January 23, 2018

How to Deal With the Heartbreak from a Reactive Attachment Disorder Teen

The title of this article is an exact phrase that someone typed in to Google and ended up on our website. When I saw this it broke my heart – because my wife and I know exactly how that person feels. I don’t know them, I don’t know their story or their child, but I do know what it’s like to have a RAD teen. And at times that can be heartbreaking – in fact, most of the time it is.

In our situation, our RAD teen is adopted, though that doesn’t have to be case. Adopted kids do have a greater chance of being RAD, because of the trauma of being separated from their birth mom, in addition to any abuse or neglect that may have happened to them in the first 3 years of their life. When the child gets to be a teenager and they still suffer from RAD, it’s very difficult for them to get better. Not impossible, but difficult. The reason for this is that they are at that age where they’re supposed to be separating from mom and dad anyway, not reconnecting.

The RAD teen wants the love of their parents, but they are deathly afraid of that love so they push it away in any way they can. They can be verbally or physically abusive, they tell you they hate you and never want to see you again, and they run away. As a parent, this is very hard to handle. After all, when you got (or had) this child, you were determined to love them no matter what, and you rightfully expected the same from them.

So what do you do to deal with this heartbreak?

Two things have helped me. First, I’ve realized that she’s sick. Our family therapist said if she was in a wheelchair and she was bouncing off a door frame because it wasn’t wide enough, you’d know you have to do something to help her. RAD kids don’t look sick, and because of this you tend to think they’re not, but they are. They need their parent’s love, especially their mom’s. When you think of it in these terms, it somehow makes it easier. She desperately wants your love, more than anything, but because of something that quite possibly wasn’t your fault she is desperately afraid of accepting that love.

The other thing that’s helped me is to realize that I am to actively love that child. And that doesn’t mean an emotional, sentimental love, but a sacrificial, purposeful love. Here’s a video I found from a RAD mom named Christine Moers that talks about this much better than I can.

How to deal with the heartbreak from a reactive attachment disorder teen? I don’t know. We grieve, mourn, struggle, and get mad every day. There aren’t any magic solutions, but hopefully realizing that it’s not your fault and you can love them anyway will help you like it did me.

How do you deal with the heartbreak?

Please leave a comment below to share with other readers. We can’t do this alone!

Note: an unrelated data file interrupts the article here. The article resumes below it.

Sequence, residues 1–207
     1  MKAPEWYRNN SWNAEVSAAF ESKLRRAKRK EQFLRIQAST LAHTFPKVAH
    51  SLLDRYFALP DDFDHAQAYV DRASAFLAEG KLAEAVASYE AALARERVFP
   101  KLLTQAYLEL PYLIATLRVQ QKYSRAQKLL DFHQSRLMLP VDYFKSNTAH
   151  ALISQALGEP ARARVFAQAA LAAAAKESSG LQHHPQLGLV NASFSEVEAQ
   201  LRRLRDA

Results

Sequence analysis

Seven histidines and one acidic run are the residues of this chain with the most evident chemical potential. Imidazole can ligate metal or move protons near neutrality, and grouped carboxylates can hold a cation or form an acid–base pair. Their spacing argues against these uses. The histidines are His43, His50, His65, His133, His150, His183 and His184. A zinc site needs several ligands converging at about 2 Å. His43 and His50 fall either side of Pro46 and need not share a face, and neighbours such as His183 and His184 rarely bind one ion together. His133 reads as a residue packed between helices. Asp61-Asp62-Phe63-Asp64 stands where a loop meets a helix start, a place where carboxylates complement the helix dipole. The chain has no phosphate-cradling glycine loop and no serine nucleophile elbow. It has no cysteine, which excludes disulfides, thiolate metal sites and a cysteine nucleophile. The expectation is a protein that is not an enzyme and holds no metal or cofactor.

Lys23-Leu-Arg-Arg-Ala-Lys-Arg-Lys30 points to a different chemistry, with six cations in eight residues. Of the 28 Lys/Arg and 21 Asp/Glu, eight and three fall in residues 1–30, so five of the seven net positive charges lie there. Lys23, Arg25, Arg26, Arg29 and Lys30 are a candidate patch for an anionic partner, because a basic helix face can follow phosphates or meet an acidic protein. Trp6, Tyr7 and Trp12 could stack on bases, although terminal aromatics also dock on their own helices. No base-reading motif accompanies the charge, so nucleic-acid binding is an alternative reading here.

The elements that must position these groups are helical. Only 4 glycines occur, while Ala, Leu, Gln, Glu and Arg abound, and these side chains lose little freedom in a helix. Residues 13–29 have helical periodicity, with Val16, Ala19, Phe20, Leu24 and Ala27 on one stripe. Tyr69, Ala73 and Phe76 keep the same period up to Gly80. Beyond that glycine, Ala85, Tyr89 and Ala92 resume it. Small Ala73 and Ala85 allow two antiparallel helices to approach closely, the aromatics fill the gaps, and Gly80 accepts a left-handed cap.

About the author: By

Matt is the parent (along with his wife Julie) to five wonderful kids. He has been self-employed for 25+ years and is the owner of the Parenting Allies website.

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Comments

  1. I listened to the video and am completely aware of corithians 13:4-7. But how does one love at RAD child when the child constantly rejects any shred of 13:4-7? I understand each child and situation is different, but how is one to be kind when the kindness is perceived by the RAD child as paranoia or as mean? This perception is then retaliated against violently? How?

    • That is so hard Krysi. Being rejected by anyone but especially the ones you love hurts deeply. Acknowledge that, then realize that their rejection is out of fear of being loved. They feel unlovely, unwanted and are afraid to experience the rejection that caused them to feel this way in the first place. Sometimes taking our personal feelings out of the equation for the moment, gives us a clearer view of theirs. That being said, violence should not be tolerated ever. That is them forcing you into their safe place, which is not really safe and must be dismantled and rebuilt into a healthy, true safe place. Allowing violence perpetuates the trauma from which they must heal.
      Julie recently posted..Grandparents: Vital Part of ParentingMy Profile

  2. I have a niece who I believe to have rad/attachment disorder. She is virtually impossible to care for. She’s a molester, a liar, manipulator and cannot be trusted whatsoever. After several violent episodes, I absolutely loathe this 15-year-old.
    I feel continual fear for the people around her. I truly believe she needs residential treatment but her adoptive parents are having a difficult time looking at the situation pragmatically.

    • It is hard to admit as parents when you are in it that your child needs help. There is a underlying feeling of failure almost constantly. At this point, can you find ways to support her parents, that don’t involve respite care from you? Maybe they just need a rest and to rejuvenate to see things more clearly. If not, you just listening (and not offering advice unless asked for it) and offering encouragement is one of the things you can do that would be certainly helpful. Don’t be afraid to point out your fears with tangible examples of what is going on.
      Matt recently posted..My Children Keep Making MistakesMy Profile

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